High in vitamin A and calcium, ricotta is a creamy white cheese with a mild, slightly sweet flavor.
How to Choose Ricotta
Available in the supermarket dairy case, ricotta is also sold fresh in specialty stores. Made from the watery whey that’s drained off the curds used to make cheeses like provolone, it is ready to eat the day it’s made and is especially moist and fluffy when fresh. Low-fat versions, made with part-skim milk rather than whole milk, are not as rich.
How to Store Ricotta
Keep it in the original packaging or an airtight container for up to 4 days, or follow the date on the container. Discard if any signs of mold appear or if it develops a sour smell.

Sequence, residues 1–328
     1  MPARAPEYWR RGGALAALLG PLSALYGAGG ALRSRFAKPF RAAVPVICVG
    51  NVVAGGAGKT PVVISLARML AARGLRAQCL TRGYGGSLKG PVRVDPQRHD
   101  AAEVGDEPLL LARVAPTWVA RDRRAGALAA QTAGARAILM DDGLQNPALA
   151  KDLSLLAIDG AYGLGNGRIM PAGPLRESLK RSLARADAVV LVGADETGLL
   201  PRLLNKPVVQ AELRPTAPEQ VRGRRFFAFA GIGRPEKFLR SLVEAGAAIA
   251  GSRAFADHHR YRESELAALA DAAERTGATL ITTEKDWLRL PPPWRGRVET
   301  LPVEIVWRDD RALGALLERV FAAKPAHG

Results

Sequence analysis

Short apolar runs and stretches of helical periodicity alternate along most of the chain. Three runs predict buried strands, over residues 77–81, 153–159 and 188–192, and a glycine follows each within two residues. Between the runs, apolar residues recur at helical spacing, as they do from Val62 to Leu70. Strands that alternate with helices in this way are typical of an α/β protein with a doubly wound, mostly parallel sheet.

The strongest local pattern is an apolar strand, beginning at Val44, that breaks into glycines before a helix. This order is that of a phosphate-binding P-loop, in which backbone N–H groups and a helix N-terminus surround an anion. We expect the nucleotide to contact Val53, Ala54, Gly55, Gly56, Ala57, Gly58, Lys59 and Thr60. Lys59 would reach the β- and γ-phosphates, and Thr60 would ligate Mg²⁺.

How to Use Ricotta
Ricotta is often used in stuffed pastas and desserts like cannoli. For a sweeter alternative to cream cheese, eat ricotta plain drizzled with honey, or with slivered nuts and fruit. Low-fat ricotta also makes a lighter substitute for cream cheese in cheesecake.
Real Simple Ricotta Recipes:
- Gnocchi With Pesto, Green Beans, and Ricotta
- Fusilli With Spinach, Ricotta, and Raisins
- Grilled Bread With Zucchini, Ricotta, and Basil
- Roasted Cherry Tomato and Ricotta Pasta Salad
- Ricotta Omelet With Swiss Chard
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